For Mitt Romney’s campaign, the outlook in the battleground states is even worse than the national polls.
According to a GOP source with access to private polling being done by independent Republican groups (who are spending a lot of money tracking public opinion in the battleground states), Romney is in trouble in two must-win states:
Ohio: Romney down 5 percent.
Virginia: Romney down 4 percent.
Most troubling for Romney: the Ohio trend has been consistent for several weeks and is not a “sugar high” resulting from the Democratic convention.
These internal state-by-state tracking polls show some positive signs for Romney, but nowhere near enough to compensate for Ohio and Virginia. The good news:
- In Wisconsin, which Obama won by 14 points, Romney is only down 2 percent, putting the state within reach.
- In Nevada, which Obama won by almost 13 points, the race is tied. It is also essentially tied in Colorado and Iowa.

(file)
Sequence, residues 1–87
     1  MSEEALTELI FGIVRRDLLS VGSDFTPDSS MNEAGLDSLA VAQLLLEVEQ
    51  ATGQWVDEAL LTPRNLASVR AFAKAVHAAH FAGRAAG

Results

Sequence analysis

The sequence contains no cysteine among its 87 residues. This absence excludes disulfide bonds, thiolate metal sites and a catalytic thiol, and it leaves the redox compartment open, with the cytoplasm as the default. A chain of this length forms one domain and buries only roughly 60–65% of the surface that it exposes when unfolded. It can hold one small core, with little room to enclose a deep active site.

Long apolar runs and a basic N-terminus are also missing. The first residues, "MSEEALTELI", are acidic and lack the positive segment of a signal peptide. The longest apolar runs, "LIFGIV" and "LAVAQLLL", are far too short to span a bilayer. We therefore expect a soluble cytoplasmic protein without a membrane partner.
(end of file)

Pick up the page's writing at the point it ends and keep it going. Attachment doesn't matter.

Could Romney win without Ohio and Virginia? It’s mathematically possible, but so is winning the lottery. Consider this scenario:
If Romney loses Ohio and Virginia, he must run the table in all the battleground states won by Obama in 2008 where the Romney is now running ads: Florida, North Carolina, Iowa, Nevada, Wisconsin, Colorado and New Hampshire.
Result, assuming Obama wins the one electoral vote awarded independently by Omaha, Nebraska: An electoral tie: 269 to 269 (over to you Speaker Boehner).
In case of an 269-269 tie in the electoral college, according to the 12th Amendment, the House of Representatives decides the presidential election. Each state gets one vote.
Romney would seem to have the edge in that scenario.
Of the 50 state delegations in the House, just 14 are Democratically-controlled House delegations and 33 are controlled by Republicans. Three states are split evenly. Right now the whole number of the House is 430; there are five vacancies in the House that won’t be filled until after the election.
These numbers are driving decisions on spending hundreds of millions of dollars, but are also contributing to the sense of gloom among top Republicans about the direction of the campaign.